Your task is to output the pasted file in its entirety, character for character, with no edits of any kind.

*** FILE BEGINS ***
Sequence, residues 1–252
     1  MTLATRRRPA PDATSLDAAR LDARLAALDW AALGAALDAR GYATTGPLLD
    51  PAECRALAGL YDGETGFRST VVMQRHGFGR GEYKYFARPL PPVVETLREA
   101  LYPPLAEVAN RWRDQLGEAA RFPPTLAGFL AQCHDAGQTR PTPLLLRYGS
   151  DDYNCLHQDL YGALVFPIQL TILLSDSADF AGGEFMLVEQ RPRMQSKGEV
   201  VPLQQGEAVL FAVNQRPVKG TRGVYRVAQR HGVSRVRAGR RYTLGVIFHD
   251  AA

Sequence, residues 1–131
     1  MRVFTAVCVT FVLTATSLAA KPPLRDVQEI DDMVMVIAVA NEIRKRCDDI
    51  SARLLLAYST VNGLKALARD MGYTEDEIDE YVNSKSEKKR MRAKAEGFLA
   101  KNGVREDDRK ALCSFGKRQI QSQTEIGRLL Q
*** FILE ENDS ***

Sequence, residues 1–252
     1  MTLATRRRPA PDATSLDAAR LDARLAALDW AALGAALDAR GYATTGPLLD
    51  PAECRALAGL YDGETGFRST VVMQRHGFGR GEYKYFARPL PPVVETLREA
   101  LYPPLAEVAN RWRDQLGEAA RFPPTLAGFL AQCHDAGQTR PTPLLLRYGS
   151  DDYNCLHQDL YGALVFPIQL TILLSDSADF AGGEFMLVEQ RPRMQSKGEV
   201  VPLQQGEAVL FAVNQRPVKG TRGVYRVAQR HGVSRVRAGR RYTLGVIFHD
   251  AA

Sequence, residues 1–131
     1  MRVFTAVCVT FVLTATSLAA KPPLRDVQEI DDMVMVIAVA NEIRKRCDDI
    51  SARLLLAYST VNGLKALARD MGYTEDEIDE YVNSKSEKKR MRAKAEGFLA
   101  KNGVREDDRK ALCSFGKRQI QSQTEIGRLL Q